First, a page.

Guinness in NYC: Is it all the same, or are there places that serve up better pints than others?
- George Lynch Jan 26, 2001 11:07 AM
Being of Irish extraction and having developed a profound fondness for this wonderful beverage, I would like to hear the opinions of other Guinness aficionados.
Some years ago, I had the great experience of tending bar in an Irish bar in an Irish neighborhood in the Bronx, and the prevailing opinion among those from the old country was that the Guinness in the US simply does not stand up to what is served in Ireland. And there might be some basis for this belief.
It's my understanding that the Guinness served in Ireland is not pasteurized, thereby leaving in certain bacteria, thus imparting more flavor. But all Guinness that is exported IS pasteurized, certainly killing the germs but possibly also killing some of the flavor, or at least making it uniform. And, if this is true, wouldn't all Guinness taste the same in New York (or elsewhere outside of Ireland), except for factors like the temperature at which it's served and the cleanliness of the glass? (Maybe it's these factors that give one or another pub the reputation of serving up the best pint.)
I've had the good fortune and pleasure to have imbibed quite a bit of Guinness in Ireland, and while I enjoyed every drop (at least every drop I can remember), I really didn't notice all that much of a difference between the version served there and the version I find here. My Irish friends and family, naturally, think I'm a philistine of sorts as a result, but I gotta be honest here. I love a good pint of Guinness, but I've found that a pint at the right temperature in a clean glass IS a good pint.
So, what do YOU think?
I've never been to Ireland (someday!), but have enjoyed many a Guinness in NY. My two favorites are Paddy Reilly's and The Parlour. The Guiness is just better there, and I'm sure it's a host of reasons - it's poured carefully, it's allowed to build, the temperature is right. I don't know about pasteurization (although that sounds plausible), but Ive heard on occasion that Guinness in Ireland has a higher alcohol content (the Guinness in London certainly seems to).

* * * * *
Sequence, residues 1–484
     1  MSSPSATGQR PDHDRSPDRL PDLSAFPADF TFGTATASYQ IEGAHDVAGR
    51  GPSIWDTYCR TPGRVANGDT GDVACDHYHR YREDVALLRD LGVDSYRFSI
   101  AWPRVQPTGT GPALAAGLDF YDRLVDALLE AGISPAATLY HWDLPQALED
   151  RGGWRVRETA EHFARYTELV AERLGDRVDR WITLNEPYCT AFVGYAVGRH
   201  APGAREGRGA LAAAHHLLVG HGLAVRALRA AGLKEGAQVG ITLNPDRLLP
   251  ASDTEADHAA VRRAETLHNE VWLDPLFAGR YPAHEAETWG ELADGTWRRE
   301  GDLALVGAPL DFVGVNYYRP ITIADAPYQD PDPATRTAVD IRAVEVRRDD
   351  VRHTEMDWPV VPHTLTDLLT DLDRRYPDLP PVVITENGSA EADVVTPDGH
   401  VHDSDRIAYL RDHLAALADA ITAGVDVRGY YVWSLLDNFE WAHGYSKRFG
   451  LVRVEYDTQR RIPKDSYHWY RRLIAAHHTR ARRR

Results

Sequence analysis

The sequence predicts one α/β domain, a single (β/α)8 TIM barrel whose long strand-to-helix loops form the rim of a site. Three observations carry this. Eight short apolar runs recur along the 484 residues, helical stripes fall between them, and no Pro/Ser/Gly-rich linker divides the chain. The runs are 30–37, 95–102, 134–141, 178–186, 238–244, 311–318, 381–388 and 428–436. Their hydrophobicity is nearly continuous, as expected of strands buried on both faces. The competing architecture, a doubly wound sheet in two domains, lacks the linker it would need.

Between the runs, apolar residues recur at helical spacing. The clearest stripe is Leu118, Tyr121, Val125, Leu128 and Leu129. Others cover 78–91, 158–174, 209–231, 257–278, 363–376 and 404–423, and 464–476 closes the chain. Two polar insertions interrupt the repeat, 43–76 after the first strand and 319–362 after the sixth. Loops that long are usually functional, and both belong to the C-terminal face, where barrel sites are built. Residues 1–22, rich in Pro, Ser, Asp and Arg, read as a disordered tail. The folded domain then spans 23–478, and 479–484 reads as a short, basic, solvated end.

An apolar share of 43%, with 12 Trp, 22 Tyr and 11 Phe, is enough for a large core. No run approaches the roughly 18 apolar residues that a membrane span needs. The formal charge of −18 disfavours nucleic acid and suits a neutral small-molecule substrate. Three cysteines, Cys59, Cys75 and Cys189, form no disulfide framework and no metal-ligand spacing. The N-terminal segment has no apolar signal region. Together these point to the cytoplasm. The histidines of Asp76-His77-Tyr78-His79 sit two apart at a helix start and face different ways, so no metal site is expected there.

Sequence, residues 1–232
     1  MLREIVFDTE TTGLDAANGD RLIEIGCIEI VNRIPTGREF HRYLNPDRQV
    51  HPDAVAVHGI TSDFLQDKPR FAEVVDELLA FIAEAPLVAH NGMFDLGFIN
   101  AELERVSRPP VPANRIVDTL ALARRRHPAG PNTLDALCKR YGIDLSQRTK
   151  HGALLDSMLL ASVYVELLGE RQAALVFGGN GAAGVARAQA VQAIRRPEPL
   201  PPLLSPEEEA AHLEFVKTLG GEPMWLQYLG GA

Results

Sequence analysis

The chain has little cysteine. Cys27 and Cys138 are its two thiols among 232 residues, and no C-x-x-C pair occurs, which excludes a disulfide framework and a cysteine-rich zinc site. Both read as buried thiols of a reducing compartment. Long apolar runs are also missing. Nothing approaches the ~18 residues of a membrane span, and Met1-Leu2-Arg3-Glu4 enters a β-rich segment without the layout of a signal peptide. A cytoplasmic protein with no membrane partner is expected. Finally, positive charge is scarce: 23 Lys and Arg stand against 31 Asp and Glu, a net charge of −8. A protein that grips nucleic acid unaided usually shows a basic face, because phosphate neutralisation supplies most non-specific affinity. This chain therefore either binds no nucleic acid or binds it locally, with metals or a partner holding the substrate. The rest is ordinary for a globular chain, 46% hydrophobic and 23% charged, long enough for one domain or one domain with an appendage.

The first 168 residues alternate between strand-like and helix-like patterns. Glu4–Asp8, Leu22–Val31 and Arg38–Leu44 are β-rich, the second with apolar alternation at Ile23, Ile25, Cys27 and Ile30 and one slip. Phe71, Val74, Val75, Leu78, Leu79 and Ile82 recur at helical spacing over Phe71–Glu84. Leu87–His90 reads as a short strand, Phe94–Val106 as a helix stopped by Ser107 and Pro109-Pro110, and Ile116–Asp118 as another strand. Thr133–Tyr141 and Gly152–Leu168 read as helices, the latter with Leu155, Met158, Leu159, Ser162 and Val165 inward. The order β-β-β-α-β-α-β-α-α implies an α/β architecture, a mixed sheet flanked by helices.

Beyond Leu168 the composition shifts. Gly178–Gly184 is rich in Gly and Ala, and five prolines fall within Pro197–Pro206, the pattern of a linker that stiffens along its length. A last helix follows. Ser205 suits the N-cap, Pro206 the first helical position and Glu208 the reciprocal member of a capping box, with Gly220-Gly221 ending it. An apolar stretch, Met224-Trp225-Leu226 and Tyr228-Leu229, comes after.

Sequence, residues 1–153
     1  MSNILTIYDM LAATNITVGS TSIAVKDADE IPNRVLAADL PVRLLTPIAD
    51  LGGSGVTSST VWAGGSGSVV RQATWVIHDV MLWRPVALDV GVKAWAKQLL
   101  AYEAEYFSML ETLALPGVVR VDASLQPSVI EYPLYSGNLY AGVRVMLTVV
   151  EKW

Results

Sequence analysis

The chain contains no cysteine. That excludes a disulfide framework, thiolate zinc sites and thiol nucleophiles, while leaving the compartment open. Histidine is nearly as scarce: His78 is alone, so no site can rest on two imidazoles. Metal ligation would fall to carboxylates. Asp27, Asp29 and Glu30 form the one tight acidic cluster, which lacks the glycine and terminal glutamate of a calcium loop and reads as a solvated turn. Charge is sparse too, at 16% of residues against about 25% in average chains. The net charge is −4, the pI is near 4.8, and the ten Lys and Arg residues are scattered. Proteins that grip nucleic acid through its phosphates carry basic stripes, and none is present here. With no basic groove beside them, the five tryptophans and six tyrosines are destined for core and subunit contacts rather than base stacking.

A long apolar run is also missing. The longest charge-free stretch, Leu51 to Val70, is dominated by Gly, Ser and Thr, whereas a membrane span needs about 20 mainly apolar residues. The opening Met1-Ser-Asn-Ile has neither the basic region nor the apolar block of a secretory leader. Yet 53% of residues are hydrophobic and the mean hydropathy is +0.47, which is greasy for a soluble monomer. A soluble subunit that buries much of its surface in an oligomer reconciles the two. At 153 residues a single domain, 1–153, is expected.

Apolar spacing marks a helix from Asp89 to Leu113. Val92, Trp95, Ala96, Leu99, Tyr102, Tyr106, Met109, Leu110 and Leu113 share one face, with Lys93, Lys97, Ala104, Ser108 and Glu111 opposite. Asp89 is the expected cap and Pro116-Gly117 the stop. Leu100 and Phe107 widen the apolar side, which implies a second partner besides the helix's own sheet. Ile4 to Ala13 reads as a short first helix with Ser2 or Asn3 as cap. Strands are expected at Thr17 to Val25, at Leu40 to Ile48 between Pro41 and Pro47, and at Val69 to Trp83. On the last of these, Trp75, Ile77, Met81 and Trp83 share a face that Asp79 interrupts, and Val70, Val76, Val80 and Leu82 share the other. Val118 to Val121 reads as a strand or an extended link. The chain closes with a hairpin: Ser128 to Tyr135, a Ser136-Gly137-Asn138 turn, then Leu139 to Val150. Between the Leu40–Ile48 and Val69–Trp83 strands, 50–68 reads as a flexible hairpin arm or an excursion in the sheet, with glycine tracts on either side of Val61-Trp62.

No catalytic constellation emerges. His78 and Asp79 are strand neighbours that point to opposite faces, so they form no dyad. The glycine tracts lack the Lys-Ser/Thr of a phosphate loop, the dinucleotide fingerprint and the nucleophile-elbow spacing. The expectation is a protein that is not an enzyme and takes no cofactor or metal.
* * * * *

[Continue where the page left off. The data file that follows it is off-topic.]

We discovered an interesting development in Guinness-drinking culture during a trip to Scotland (our Honeymoon) in '99... Many pubs that serve Guinness are now outfitted with a special "Extra Cold" draught tap, that dispenses the heavenly black stuff at a very refreshing and uniform temperature (can't remember the exact Celsius, but it was prominently displayed).
We tried it first out of curiosity, but fell in love with the chill and ordered it this way whenever available (it was mid-summer).
Anyone else had the chance to sample Guinness in this fashion? Curious to see if this feature makes it across the pond.
re: Caitlin McGrath
I haven't sifted thru every message on this subject, but here's my thoughts on a good pour--
1. the line has to be clean
2. the keg can't be too cold (I liken this to Hagen Daaz vanilla-----you have to let it soften to really get the great flavor)
3. it's got to be fresh
Most places serve it way too cold---I've found one of the better pours to be over at Jonathan Swifts Hibernian Lounge over on W. 4th, just west of The Bowery Bar.
Even in Ireland, official Guinness policy is to serve it too cold, I guess so they can try to reel in all the young lager drinkers. And in the US, the Guinness cans have to be really cold for the widget to work properly, and then we have the new rocket widget that makes it possible for people to cruise around bars drinking draught Guinness from the bottle, which again must be cold.